Portfolio Update – October 2016Posted: November 21, 2016
October was not a stellar month, but like a ship through a storm, slow and stead wins the race. Here are the graphs for October 2016.
On a monthly basis, I was trending below the my benchmark, The Canadian Couch Potato Assertive Portfolio. For October, that portfolio returned a gain of 0.02%, and the total fund return for my own experienced a loss of 0.70%. However, my certificated portfolio managed to beat the benchmark handily, clocking in at 1.74%, a clear winner.
On a trailing twelve month basis, overall I am still beating the benchmark. The Assertive Portfolio benchmark for the last twelve months returned a gain of 7.14%, whilst my total fund returned 10.20%, a handy 3+% increase over the benchmark. I expect this trend to stabilize over the coming months, as some of my large sales earlier this year to fund some major purchases start rolling off of the TTM calculations. But for now, my key Margin, Total Portfolio, and TFSA measures are beating the benchmark.
In September I set up automatic synthetic DRIPs in my LIRA account to automatically re-invest dividends as they become available. The synthetic drip allows me to constantly grow the portfolio whilst negating commission costs, reducing the overall amount of cash in the portfolio (which I consider a massive point of friction, since the cash sits there generating zero returns). October was the first full month of synthetic DRIP in the LIRA account, and as the months move forward, I expect the LIRA to exceed the benchmark, since the LIRA is investing monthly, but the benchmark is only designed to re-balance every six months (which is an accurate representation of what may happen in the real world).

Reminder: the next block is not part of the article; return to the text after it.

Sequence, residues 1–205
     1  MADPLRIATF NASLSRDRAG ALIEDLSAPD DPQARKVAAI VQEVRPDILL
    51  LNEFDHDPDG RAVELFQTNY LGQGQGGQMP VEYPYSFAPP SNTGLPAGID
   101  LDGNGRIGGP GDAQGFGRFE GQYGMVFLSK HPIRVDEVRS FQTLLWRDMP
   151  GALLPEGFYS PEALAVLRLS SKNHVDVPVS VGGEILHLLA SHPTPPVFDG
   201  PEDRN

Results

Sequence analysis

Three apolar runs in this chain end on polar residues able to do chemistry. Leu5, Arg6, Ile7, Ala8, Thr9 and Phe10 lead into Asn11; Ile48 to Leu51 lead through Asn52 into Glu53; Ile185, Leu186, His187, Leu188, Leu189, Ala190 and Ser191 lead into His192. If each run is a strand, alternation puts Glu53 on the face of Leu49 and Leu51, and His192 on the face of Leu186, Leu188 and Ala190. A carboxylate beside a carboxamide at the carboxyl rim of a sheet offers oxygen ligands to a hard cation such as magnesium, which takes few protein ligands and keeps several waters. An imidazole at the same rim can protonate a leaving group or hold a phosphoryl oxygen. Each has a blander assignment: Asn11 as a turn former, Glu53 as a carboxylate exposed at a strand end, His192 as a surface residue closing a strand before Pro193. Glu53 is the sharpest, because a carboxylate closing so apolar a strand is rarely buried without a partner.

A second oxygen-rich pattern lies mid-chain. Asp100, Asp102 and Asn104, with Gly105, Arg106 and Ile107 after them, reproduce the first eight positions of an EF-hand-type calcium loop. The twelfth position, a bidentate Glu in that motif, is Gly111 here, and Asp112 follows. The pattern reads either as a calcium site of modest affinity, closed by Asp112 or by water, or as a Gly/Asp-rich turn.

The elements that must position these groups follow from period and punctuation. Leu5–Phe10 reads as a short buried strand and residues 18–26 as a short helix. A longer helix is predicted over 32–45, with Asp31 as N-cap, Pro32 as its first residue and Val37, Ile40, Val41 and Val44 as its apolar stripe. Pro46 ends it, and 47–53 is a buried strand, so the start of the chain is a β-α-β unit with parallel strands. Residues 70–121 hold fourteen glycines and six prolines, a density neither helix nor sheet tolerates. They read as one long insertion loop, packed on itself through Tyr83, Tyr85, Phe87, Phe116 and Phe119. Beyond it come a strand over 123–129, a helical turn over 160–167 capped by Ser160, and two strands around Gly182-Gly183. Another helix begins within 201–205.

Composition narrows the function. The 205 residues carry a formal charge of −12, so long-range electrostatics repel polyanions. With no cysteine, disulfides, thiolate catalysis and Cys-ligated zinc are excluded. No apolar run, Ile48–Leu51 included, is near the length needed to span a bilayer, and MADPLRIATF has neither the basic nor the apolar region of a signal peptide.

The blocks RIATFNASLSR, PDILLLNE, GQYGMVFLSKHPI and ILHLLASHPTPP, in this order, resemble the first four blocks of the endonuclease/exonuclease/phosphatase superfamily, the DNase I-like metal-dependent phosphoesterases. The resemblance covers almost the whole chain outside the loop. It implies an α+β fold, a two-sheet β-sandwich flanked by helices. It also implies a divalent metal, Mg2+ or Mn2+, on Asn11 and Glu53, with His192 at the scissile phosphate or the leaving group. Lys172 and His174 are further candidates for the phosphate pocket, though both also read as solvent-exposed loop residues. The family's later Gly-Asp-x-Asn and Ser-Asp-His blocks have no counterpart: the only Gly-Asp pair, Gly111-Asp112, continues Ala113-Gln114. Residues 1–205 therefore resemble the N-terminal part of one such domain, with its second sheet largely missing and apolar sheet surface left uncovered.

Reviewing the passive income statistics, the benchmark portfolio returned $204.15 in passive income, and my own passive income exceeded that by 83.74%, which was a great accomplishment.
On a trailing twelve month perspective, I am still exceeding the benchmark in total passive income. Benchmark TTM passive income was $5961.89, and the TTM passive income of my own portfolio beat that by 4.40%. The makeup of my portfolio has changed since I started maintaining it on a regular basis again, however the weightings of major dividend players are still low relative to the portfolio as a whole. I expect TTM passive income to level off relative to the benchmark, but within the next twelve months I expect to be in a position to beat the benchmark on a monthly basis as I re-weight the portfolio for a more even income allocation.
I have set up a number of recurring OCPs to automatically invest in my certificated account on a monthly basis. Specifically, Telus, Emera, Fortis, and Bank of Nova Scotia are now receiving automatic contributions from my paycheque every month. While this is a drag on disposable income, because these are all strong dividend players, I expect the long term gains to far outweigh the short term pain of not having “play money”.
Onwards and upwards!